As the Conservative Party’s Project Umubano gets underway, Shadow Secretary of State for International Development Andrew Mitchell MP sends this moving update from Kigali.
Our Project has got off to a great start. Remarkably, all of our volunteers arrived in Kigali safe and sound and pretty much on time on Saturday – together with all their luggage, textbooks, 1,520 English dictionaries, and crates of medical equipment and school supplies. This compares well to last year, when we turned up at the airport to find our flights had been cancelled!
On Sunday our project rightly started on a sombre note, as all of us visited the national genocide memorial in Kigali. This is an extraordinarily moving experience. We laid a wreath to commemorate the nearly one million people who were killed during the civil war and genocide of 1994.
For me, the most moving aspect of the memorial exhibition is a stark, simple set of pictures of smiling children, each next to a small plaque. One plaque reads:
Francine Murengezi Ingabire, aged 12.
Favourite sport: swimming.
Favourite food: eggs and chips.
Favourite drink: milk and Fanta tropical.
Best friend: her elder sister Claudette.
Cause of death: hacked by machete.
Seeing those children in that way makes so graphically clear that children all over they world are just the same: they all laugh, cry, smile and play in the same way.
We all left the memorial lost in reflection on the darkness of which
humans are capable. This was a sobering start to our visit, but a
necessary one. After all, we chose Rwanda for our project because it is
a country which has been to hell and back, but which is now looking to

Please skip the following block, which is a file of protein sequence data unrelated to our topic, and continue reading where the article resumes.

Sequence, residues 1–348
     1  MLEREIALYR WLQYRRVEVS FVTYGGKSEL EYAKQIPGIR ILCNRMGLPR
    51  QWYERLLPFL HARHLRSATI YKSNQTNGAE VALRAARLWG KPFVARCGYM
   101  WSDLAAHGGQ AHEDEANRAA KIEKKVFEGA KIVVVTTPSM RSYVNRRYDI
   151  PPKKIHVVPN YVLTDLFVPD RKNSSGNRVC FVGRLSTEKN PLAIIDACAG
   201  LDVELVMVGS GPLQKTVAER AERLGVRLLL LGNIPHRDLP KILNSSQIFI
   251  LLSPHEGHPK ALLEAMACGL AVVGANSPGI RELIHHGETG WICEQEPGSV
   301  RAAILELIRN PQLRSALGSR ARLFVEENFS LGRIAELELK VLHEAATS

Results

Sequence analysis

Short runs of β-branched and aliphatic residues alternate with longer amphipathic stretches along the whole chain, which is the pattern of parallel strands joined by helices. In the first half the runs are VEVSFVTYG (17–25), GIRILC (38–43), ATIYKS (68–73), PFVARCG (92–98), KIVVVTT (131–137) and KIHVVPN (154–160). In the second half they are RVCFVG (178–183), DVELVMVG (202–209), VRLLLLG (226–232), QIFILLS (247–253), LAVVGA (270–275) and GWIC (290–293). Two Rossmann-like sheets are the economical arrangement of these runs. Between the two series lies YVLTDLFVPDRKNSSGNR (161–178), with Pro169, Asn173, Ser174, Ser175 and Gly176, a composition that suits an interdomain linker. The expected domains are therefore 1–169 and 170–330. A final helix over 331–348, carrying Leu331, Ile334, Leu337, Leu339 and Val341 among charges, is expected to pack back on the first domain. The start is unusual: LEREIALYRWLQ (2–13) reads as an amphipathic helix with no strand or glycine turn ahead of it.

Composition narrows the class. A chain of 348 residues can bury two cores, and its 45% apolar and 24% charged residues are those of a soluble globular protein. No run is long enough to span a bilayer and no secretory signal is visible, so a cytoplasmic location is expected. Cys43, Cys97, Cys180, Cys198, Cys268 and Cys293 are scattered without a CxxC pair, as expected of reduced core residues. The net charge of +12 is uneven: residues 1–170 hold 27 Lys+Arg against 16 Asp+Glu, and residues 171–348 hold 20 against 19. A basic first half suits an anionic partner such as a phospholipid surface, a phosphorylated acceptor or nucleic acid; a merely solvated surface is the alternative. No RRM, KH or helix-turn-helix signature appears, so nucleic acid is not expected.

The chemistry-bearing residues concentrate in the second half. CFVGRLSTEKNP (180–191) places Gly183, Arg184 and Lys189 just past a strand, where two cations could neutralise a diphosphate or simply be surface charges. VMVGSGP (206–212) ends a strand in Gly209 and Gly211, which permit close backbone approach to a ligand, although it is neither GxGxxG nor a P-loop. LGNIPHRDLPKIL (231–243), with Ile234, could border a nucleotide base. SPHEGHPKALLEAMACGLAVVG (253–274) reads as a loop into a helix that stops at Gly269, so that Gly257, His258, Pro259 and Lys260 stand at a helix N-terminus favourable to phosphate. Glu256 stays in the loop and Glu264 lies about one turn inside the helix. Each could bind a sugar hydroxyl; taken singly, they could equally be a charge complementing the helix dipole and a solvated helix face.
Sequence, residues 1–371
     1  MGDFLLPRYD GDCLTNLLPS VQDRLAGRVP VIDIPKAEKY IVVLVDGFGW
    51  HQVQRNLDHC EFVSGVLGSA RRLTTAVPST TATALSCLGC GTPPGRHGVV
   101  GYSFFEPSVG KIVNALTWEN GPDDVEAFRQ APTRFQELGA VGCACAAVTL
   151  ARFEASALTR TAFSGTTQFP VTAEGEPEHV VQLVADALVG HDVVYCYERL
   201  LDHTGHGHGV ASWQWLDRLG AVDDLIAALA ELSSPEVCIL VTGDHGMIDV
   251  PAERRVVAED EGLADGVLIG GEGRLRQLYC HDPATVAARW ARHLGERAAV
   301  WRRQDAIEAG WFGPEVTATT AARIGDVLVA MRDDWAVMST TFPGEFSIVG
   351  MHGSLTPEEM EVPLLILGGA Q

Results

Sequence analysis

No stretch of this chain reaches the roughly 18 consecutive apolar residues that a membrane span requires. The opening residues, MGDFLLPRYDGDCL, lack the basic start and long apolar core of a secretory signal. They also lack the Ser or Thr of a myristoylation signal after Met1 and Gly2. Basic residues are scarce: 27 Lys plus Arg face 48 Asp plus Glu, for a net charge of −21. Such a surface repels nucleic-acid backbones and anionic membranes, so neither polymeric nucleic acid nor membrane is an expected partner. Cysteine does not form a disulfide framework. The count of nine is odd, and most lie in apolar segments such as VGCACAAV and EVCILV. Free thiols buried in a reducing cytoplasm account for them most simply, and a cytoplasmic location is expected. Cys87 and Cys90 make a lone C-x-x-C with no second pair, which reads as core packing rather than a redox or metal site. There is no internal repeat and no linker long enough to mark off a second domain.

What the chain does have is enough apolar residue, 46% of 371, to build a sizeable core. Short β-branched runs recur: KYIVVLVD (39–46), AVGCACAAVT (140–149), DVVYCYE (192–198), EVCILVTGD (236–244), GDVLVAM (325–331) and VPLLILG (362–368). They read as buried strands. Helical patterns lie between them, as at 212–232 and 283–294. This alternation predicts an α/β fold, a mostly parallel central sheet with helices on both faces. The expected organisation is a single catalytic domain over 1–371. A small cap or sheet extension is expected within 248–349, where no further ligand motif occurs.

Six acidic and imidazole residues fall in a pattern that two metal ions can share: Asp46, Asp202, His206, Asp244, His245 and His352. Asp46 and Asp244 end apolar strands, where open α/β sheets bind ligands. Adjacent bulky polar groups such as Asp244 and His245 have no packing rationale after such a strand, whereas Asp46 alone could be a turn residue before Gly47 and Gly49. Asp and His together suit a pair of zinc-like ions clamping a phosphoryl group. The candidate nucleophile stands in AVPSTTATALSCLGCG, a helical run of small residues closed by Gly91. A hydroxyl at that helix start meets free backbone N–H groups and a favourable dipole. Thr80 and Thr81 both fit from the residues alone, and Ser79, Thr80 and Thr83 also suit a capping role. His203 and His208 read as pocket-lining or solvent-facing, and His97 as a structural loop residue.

the future with hope and determination to build a modern society.
On Monday morning our work began in earnest. Many of our volunteers
fanned out across the country to remote rural healthcare centres and
teaching outposts. Remotest of all are our doctors, but we also have
volunteers teaching English in three locations across the country. Our
lawyers, working with the Ministry of Justice and the Institute for
Legal Practice and Development, are based in Kigali and Nyanza, near
the second city of Butare. Our huge team of private sector and private
enterprise volunteers are working mostly in Kigali. And in Kinyinya, a
village of mainly orphan-headed households on the outskirts of Kigali,
we have 15 volunteers working on a sports pitch and community center.
They leave at the crack of dawn to get to work before it gets too hot.
I’ve been teaching English to Rwandan primary-school teachers in
Kigali. It’s hard work and more tiring than I expected, but really
enjoyable. Our Rwandan colleagues are a pleasure to work with because
they are so keen and determined to learn.
There are eight of us teaching here in Kigali and we have 560 primary
school teachers between us, so we have 70 in our classes. We start at
8am and break for half an hour at 10am. Lunch with all the students is
at noon and then we teach from 2pm to 4pm. We are based at a school for
girls on the outskirts of Kigali and the Rwandan teachers are living in
the dormitories for the two weeks of our programme. The same model is
being repeated in Eastern Province, where 11 of our volunteers are
teaching (including my daughter!) under the command of Desmond Swayne,
David Cameron’s PPS, and Justine Greening MP. Ten more volunteers are
teaching in Butare under the eagle eye of Geoffrey Clifton-Brown.
People sometimes think that international development is just about
giving money. But skill-sharing is equally important, and is what we
are focussing on. For example, our two ultrasound technicians have
brought an ultrasound machine to donate to the hospital they are
working at. But they will, I hope, have just as much impact through the
training sessions they are running for the doctors there on how to use
All in all, we’re in buoyant mood. Everyone seems to have settled in
well and are getting along with our Rwandan hosts. We’re excited about
what the next two weeks have in store. We’ll send more reports through
exclusively for Conservative Home, and Rob Halfon, our PPC for Harlow,
will give more detail on our education project in the next few days.
More anon – and best wishes from all of us!